Journalizing

Updated on January 3, 2024
Article byRutan Bhattacharyya
Edited byAshish Kumar Srivastav
Reviewed byDheeraj Vaidya, CFA, FRM

What Is Journalizing?

Journalizing refers to the process of documenting financial transactions in an organization’s accounting records. Its purpose is to digitally or physically record all business transactions accurately and in an organized manner. Moreover, it makes it easier for individuals to spot accounting errors.

Journalizing

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Organizations record all their financial transactions chronologically in an accounting journal. Businesses initiate this process every time a transaction occurs. Generally, the information recorded in the journal includes the amount, the date, the accounts involved, the amount, and a short description of the transaction. Only businesses using the double-entry bookkeeping system carry out this process.

Key Takeaways

  • Journalizing meaning refers to an accounting procedure involving accurately recording business tractions in appropriate journals. It enables individuals to spot accounting errors easily. Moreover, it provides financial transparency. For example, tax authorities can determine whether a business follows accounting principles.
  • There are various types of journals fulfilling different purposes. Examples of such journals are sales, purchase, and cash receipt journals. 
  • Journalizing in accounting applies to the double-entry system of accounting only.
  • Posting is carried out after journalizing.

Journalizing Explained

Journalizing meaning refers to a process businesses perform to record all their financial transactions correctly for their financial records. It enables individuals to track transactions in chronological order and spot accounting errors. Moreover, this process allows businesses to prepare their financial statements, which auditors analyze to check the transactions’ impact on the business.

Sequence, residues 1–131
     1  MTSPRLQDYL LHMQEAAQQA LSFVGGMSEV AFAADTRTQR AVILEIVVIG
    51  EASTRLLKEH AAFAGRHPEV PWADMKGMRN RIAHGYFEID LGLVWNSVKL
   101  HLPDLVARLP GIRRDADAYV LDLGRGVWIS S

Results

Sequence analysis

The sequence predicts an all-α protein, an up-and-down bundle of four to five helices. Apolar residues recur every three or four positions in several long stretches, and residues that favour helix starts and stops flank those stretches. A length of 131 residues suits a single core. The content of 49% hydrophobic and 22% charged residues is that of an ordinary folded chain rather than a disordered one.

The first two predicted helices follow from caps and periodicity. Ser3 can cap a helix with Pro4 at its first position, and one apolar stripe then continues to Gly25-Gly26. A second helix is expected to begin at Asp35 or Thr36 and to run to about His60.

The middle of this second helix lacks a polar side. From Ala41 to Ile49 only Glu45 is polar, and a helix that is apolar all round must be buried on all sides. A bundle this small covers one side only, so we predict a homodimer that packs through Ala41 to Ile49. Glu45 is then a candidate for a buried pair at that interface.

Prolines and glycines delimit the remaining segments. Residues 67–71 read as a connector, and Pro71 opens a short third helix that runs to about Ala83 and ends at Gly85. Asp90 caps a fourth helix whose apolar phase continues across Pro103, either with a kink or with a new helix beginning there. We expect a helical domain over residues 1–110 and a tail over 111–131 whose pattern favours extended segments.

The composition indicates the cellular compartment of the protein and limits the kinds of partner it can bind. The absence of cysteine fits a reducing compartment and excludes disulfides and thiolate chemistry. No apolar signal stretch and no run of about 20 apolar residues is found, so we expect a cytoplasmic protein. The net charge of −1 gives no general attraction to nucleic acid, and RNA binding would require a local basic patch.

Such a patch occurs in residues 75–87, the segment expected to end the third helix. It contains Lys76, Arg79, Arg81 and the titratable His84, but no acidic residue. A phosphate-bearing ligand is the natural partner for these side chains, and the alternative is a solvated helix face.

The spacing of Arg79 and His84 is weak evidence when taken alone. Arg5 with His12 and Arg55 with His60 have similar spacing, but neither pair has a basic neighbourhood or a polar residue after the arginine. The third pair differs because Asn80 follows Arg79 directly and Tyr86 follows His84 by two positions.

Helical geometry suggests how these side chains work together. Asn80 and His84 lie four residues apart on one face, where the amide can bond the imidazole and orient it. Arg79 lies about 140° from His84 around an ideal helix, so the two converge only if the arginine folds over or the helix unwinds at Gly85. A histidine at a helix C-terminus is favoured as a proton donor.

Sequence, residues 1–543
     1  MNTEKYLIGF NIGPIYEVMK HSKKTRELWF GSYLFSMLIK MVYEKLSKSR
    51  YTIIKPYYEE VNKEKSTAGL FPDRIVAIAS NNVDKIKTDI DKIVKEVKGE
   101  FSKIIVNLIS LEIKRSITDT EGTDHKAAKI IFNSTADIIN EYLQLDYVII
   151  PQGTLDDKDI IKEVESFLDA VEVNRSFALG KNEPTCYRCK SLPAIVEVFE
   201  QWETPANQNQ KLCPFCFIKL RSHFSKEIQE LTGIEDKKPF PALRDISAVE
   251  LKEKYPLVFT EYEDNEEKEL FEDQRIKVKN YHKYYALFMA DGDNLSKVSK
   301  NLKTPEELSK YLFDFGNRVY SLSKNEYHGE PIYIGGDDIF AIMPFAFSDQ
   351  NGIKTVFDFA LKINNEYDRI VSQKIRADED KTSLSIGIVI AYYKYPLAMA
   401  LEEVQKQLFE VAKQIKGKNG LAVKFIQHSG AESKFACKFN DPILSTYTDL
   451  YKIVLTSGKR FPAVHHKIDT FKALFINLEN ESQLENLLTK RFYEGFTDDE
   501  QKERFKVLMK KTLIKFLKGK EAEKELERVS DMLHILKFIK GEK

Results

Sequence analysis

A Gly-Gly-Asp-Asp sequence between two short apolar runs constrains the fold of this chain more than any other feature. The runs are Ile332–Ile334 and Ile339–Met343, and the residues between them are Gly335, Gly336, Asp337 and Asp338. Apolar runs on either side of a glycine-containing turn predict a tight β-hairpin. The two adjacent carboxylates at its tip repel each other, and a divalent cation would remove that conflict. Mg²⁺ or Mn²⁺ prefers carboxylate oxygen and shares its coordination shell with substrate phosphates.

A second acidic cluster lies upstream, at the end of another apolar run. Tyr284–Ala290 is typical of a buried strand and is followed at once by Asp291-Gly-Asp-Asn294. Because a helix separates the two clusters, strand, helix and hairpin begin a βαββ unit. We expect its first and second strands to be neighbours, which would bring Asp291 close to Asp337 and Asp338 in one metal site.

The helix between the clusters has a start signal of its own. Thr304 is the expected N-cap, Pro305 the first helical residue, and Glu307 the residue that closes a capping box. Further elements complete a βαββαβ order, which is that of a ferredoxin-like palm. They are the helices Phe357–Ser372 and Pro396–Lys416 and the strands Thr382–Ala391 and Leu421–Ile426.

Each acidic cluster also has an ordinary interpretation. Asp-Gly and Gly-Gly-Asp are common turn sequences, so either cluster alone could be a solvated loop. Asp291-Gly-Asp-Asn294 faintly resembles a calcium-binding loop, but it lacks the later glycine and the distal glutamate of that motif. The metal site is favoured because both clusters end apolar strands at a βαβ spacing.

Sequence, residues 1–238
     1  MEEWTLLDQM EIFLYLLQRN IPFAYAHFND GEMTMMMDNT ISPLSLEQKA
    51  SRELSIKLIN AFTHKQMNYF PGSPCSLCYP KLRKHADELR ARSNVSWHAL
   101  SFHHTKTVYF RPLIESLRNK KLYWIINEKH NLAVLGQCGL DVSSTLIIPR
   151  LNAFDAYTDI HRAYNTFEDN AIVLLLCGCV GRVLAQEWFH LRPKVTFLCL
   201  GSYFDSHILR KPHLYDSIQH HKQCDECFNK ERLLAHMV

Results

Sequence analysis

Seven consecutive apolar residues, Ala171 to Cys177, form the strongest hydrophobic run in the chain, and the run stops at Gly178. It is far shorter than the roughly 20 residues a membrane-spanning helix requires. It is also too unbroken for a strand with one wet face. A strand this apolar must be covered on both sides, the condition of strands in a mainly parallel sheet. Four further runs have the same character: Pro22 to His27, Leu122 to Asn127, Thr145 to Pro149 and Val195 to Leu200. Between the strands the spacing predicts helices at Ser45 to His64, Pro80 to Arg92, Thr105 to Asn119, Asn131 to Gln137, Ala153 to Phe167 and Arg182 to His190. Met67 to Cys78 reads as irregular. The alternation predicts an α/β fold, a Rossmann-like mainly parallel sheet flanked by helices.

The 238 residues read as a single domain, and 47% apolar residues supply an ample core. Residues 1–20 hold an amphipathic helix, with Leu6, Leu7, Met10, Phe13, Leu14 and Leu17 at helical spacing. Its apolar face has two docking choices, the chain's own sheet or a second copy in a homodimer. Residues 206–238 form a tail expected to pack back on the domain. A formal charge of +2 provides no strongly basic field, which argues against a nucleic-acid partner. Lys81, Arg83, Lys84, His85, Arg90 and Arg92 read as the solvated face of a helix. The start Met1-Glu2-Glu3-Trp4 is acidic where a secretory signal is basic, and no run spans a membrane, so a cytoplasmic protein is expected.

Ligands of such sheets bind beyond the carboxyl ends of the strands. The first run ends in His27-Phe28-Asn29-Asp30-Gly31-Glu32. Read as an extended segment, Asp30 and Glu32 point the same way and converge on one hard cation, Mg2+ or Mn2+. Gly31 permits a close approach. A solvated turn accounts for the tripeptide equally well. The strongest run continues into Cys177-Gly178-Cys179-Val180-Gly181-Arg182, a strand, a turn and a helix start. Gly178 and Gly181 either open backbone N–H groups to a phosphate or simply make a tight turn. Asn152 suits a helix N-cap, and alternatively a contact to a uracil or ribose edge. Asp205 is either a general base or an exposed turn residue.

This process carried out by companies results in entries in a general ledger or subsidiary ledgers. Organizations make entries to subsidiary ledgers when high-volume transactions are involved.

Since businesses are diverse in terms of service and size, various kinds of journals serve different purposes. Let us look at some of the different types of journals organizations use to record financial transactions.

  • Cash Receipts Journal: Businesses record every cash receipt during an accounting period here. So, it includes bank withdrawals, deposits, cash receipts, and payments. 
  • Purchase or Sales Return Journal: Traditionally, businesses use such a journal to document the returns of goods. They also record the reason for the return for future reference. 
  • Purchase Journal: Companies use this journal to record the purchases of stock made on credit. 
  • Journal Proper or General Journal: Organizations utilize this journal to record transactions not recorded in any other journal.